If the Associate does not purchase your practice, you have the concern of the potential impact on the value of your goodwill if the Associate draws patients away to a nearby location. Purchasers will be wary of this possibility and will be reluctant or unwilling to pay you a fair market value for the goodwill of your practice.

Purchaser Services

Our Purchaser Professional Services Include:

  1. Structuring your offer

    The likelihood of your offer being accepted and the vendor’s expected high standard of its presentation will require professional attention.

    You want to present the most comprehensive terms that reasonably satisfy both yours and the Vendor’s objectives.

    With our extensive experience in this area, we will structure your offer in a manner that will enhance its acceptability and meet your needs.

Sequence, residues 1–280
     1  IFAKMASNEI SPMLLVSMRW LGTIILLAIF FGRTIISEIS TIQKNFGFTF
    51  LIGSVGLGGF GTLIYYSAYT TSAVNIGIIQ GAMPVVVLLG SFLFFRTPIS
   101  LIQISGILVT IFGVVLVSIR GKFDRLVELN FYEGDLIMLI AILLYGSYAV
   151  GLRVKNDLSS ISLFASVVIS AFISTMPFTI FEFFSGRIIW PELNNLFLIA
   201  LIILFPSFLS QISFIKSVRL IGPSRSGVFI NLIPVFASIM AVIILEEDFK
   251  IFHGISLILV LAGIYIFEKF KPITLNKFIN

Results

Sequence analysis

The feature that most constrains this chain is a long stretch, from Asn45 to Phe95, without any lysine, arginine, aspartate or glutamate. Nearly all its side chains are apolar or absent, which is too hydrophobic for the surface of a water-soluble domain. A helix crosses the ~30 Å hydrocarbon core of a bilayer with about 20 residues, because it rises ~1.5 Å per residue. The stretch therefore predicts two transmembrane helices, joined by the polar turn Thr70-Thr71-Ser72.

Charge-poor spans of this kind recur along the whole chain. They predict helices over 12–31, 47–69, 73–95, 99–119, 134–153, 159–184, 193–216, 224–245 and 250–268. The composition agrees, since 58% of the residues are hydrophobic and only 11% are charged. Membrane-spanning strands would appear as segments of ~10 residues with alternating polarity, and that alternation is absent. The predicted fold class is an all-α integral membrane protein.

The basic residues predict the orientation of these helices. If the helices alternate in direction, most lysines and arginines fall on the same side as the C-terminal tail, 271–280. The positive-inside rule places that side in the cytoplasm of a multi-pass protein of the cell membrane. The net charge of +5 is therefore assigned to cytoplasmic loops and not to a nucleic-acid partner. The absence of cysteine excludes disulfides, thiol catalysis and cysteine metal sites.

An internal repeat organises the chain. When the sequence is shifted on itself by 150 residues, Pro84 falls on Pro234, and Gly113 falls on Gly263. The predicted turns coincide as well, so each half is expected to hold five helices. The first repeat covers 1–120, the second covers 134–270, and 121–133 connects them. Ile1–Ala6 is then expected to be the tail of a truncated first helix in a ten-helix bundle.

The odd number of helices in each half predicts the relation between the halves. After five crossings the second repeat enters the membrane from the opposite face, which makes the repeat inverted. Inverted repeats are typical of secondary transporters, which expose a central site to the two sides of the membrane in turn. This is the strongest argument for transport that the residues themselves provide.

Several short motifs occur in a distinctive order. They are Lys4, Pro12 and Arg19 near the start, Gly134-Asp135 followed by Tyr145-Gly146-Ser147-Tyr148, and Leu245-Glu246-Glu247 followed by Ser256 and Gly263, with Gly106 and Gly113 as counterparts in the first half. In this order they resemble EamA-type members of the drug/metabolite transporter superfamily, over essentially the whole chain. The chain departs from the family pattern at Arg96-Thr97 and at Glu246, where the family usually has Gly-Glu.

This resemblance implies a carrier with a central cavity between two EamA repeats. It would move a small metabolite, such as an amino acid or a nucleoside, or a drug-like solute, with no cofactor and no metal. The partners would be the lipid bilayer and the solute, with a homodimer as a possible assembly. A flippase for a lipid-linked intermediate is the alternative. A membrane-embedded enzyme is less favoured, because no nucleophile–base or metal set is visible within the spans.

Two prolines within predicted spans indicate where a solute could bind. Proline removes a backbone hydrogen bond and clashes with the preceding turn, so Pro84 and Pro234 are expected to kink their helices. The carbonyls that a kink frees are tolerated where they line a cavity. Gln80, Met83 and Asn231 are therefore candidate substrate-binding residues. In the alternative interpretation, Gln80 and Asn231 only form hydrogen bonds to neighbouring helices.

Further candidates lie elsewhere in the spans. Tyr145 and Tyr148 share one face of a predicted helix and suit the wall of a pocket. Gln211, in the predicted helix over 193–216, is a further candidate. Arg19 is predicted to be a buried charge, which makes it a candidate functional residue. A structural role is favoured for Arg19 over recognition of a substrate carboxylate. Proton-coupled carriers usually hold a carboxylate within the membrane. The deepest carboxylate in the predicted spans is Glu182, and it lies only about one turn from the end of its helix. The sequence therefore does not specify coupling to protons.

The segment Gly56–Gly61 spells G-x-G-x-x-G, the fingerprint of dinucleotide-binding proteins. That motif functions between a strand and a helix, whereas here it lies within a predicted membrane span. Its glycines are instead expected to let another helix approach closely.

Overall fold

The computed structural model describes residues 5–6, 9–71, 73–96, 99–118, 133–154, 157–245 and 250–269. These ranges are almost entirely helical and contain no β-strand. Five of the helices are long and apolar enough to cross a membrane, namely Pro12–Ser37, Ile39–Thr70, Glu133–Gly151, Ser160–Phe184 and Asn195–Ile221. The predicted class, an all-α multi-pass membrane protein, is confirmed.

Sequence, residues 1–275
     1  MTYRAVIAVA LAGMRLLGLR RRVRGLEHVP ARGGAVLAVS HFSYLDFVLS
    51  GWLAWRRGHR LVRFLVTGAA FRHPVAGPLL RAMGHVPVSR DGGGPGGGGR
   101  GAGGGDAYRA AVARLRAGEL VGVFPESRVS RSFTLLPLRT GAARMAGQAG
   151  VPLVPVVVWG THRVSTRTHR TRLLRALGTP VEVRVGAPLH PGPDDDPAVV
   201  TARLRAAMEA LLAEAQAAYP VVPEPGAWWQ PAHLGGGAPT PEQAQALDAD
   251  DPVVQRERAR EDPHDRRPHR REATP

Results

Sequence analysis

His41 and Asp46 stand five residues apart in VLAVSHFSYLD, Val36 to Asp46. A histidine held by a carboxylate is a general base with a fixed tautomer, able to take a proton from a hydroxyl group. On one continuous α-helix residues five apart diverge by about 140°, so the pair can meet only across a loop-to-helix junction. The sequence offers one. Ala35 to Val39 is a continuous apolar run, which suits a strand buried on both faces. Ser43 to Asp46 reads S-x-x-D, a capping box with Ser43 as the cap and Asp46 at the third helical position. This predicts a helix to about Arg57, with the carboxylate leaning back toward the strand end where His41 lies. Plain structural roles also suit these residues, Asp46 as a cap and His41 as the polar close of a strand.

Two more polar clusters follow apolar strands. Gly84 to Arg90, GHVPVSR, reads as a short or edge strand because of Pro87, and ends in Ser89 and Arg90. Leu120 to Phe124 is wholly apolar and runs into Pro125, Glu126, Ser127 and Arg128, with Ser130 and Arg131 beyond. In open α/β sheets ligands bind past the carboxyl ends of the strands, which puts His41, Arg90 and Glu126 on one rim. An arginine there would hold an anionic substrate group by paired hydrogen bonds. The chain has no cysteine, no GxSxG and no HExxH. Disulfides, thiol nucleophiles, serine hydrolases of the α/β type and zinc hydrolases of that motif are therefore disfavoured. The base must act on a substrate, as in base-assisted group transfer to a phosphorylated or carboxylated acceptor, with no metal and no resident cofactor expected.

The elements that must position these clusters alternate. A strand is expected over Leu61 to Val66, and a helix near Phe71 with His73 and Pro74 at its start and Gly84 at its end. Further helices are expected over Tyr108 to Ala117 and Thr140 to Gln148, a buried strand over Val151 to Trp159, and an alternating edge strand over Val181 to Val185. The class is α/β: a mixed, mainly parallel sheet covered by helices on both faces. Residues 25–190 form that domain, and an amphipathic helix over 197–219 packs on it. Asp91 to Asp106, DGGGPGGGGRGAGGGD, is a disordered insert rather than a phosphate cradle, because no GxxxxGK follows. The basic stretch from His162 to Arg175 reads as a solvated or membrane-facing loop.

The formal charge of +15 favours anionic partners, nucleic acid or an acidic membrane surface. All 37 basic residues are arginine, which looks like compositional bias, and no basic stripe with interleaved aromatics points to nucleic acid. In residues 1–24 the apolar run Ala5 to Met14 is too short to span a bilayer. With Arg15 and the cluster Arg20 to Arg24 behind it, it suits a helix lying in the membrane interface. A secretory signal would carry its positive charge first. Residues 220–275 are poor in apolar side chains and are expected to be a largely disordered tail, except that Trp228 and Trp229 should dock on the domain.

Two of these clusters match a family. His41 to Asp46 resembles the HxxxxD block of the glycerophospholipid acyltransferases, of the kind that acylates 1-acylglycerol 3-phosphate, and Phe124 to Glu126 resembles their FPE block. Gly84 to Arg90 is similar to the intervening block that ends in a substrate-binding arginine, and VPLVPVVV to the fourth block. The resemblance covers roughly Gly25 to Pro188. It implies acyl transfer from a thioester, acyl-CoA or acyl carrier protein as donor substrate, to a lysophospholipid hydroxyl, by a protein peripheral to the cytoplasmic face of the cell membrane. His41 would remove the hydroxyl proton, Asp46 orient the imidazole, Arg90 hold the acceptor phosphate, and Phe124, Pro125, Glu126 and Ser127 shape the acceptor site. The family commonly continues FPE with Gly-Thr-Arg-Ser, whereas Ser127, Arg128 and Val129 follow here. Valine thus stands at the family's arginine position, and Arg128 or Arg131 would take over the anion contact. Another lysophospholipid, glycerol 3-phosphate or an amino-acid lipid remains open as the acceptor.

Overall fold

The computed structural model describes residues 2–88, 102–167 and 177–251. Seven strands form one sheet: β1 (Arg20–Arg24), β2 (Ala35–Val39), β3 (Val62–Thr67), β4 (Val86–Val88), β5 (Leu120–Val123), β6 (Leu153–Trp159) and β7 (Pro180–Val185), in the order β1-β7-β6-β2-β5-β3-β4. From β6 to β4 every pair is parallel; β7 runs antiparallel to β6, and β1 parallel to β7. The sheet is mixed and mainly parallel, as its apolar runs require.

2. Assisting with the financing of your purchase

    We can help you put together your presentations for financing and introduce you to several reputable and experienced lending institutions. We do not accept referral fees from any finance company as we believe this would be a direct conflict of interest.

  3. Analyzing the terms of your financial proposals

    Borrowing options can be confusing at the best of times and in today’s highly competitive financial markets, the proposals are even more complex.

    You want to be confident that you understand all the conditions of financial proposals and the effective rates. The full details and terms should always be obtained in writing from the lender in a timely and professional manner. We will review any proposals with you and/or your accountant.

Five Things You Should Do When Buying a Dental Practice